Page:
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Here was the first in this series.
The first three photos below–Weeks 535 to the left and Weeks 529 to the right–I took on December 3, 2013.
The rest of the photos here–taken by Brian DeForest–show cranes including Weeks 535 taken in mid-July 2014. Note the orange-helmeted man at the lower left point in the crane barge hull.
Here are the cranes of Howland Hook where Grande Morocco
prepares for her run along the coast of West Africa.
Finally . . . a unique perspective for landlubbers . . . Weeks 573 working on the Goethals Bridge southeast side.
Many thanks to Brian for these photos.
Let’s start with LT-5 at the H. Lee White Maritime Museum.
Here’s The Chancellor at the NYS Canals dry dock as it was being flooded. Here’s a recent tugster post focused on this vessel.
Now the marketing name for this “tug” is a “barge pusher.”
Here’s a closer up of the engine unit and hydraulic-driven thruster, operating near Rotterdam Junction.
From Maraki in St. Eustatius . . . it’s Triumph. notice the submerged tug off to her port side.
Here . . . tending the piledriver in Amsterdam is Sarah L_Anne . . . I can’t quite make out the name.
Also from Maraki, it’s Statia Reliant off the Leeward Islands of the Caribbean.
Back to the waters just east of Lock 11, it’s Wm. Donnelly tending a scow.
Thsnks to Ashley Hutto, this photo of Buccaneer, taken Tampa.
And to end where we started . . . it’s Oswego’s LT-5, accented by crepuscular rays.
First, thanks to Andrea of I love upstate New York for use of this photo of the Oswego Harborfest fireworks.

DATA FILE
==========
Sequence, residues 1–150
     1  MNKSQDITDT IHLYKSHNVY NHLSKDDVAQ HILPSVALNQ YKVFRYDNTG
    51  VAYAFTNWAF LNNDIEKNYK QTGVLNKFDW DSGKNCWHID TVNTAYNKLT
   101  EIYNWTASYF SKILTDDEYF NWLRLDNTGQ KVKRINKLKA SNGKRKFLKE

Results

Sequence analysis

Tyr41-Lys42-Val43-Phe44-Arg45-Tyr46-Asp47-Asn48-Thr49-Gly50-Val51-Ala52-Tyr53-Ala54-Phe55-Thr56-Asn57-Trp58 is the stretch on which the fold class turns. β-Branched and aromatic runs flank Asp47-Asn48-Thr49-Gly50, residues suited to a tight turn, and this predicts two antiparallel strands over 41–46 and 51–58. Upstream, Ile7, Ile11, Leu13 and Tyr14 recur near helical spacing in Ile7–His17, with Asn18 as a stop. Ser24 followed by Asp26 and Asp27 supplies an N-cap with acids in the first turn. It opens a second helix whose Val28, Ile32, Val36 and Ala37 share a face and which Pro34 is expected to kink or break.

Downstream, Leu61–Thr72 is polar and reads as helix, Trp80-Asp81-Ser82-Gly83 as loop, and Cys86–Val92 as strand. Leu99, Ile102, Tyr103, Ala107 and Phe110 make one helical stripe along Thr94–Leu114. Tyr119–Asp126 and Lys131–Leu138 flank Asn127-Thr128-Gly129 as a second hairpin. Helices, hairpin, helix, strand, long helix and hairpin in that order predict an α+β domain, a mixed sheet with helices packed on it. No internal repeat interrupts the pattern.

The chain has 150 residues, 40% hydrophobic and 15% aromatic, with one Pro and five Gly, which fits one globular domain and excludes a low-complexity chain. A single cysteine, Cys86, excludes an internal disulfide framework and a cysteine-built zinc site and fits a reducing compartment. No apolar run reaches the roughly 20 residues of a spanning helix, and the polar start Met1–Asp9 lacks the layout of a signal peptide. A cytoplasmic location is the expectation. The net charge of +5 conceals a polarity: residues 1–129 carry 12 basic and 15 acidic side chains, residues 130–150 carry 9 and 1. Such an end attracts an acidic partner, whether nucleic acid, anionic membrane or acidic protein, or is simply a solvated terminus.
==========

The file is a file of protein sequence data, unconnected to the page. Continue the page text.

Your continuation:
The tug visible though is NOT Syracuse. It’s Nash, which I’ve previously written about here. Syracuse is somewhere in the darkness beyond Nash.
The fireworks barges would not have been in position without Syracuse, here seen at launch over 80 years ago.
Today she’s just a tug, not an antique vessel. She just works; she doesn’t demonstrate working.
New York colors as seen in darkness and
Notie the logo on the t-shirt of the gentleman to the left . . .the same company that does the Macy’s July 4 show!!
And on the lighthouse . . . a local expression of thanks.
Again, thanks to Andrea for use of that top photo; all others by Will Van Dorp.
In order . . . autism awareness kayak marathon, Schenectady aqueduct remnants, scullers, Waterkeeper vessel, lobsterboat as yacht, self-described “redneck pickup”, amusement park rocket, pirates’ parade, Hackercraft, 1942 Richardson, boat and wooden barge remnants and rowing dory, Corps of Engineers survey vessel, and Capt. Henry Jackman discharging aggregates in Oswego.
All photos by Will Van Dorp.
I‘m happy to report that I’ll have wifi for the next few nights. And although I could put these photos together in twos and threes, I’m sharing the better part of a dozen here, all taken in the past 10 days on the canals. Notable vessels pictured are Urger, Syracuse, Grand Erie, and a whole bunch of dredge tenders, along with a dredge and a self-propelled scow . . . or SPS. Enjoy.
This is continued from yesterday.
Containers move this way.
And although this photo was taken on the Maas, registry is several countries away.
Like double trailers on US Interstates, you see the same with short sea motor-barges.
And here’s some Maas reefer transport, this
one with an unexpected name. Part of the explanation might be furnished by this post from a few years ago.
I hope this look at some other rivers stimulates some thought.
All photos by Will Van Dorp,
Parrish . . .as in Maxfield Parrish . . . always painted skies like these . . .
although they never had robots on the horizon.
And this is beautiful holopelagic weed.
The photos come from a mariner minus moniker.